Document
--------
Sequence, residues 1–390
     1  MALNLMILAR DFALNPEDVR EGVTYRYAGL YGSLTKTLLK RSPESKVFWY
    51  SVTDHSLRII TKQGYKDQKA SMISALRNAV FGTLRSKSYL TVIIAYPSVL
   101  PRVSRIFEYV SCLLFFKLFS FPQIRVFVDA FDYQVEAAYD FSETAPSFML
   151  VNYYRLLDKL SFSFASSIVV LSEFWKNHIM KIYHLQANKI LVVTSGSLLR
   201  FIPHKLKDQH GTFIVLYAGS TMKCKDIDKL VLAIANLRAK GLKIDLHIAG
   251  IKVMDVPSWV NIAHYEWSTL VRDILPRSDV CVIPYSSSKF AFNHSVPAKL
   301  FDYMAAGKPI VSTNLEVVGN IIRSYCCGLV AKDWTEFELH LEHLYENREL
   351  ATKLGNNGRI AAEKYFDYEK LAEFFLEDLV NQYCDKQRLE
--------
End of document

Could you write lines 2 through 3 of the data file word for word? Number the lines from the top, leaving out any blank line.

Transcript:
     1  MALNLMILAR DFALNPEDVR EGVTYRYAGL YGSLTKTLLK RSPESKVFWY
    51  SVTDHSLRII TKQGYKDQKA SMISALRNAV FGTLRSKSYL TVIIAYPSVL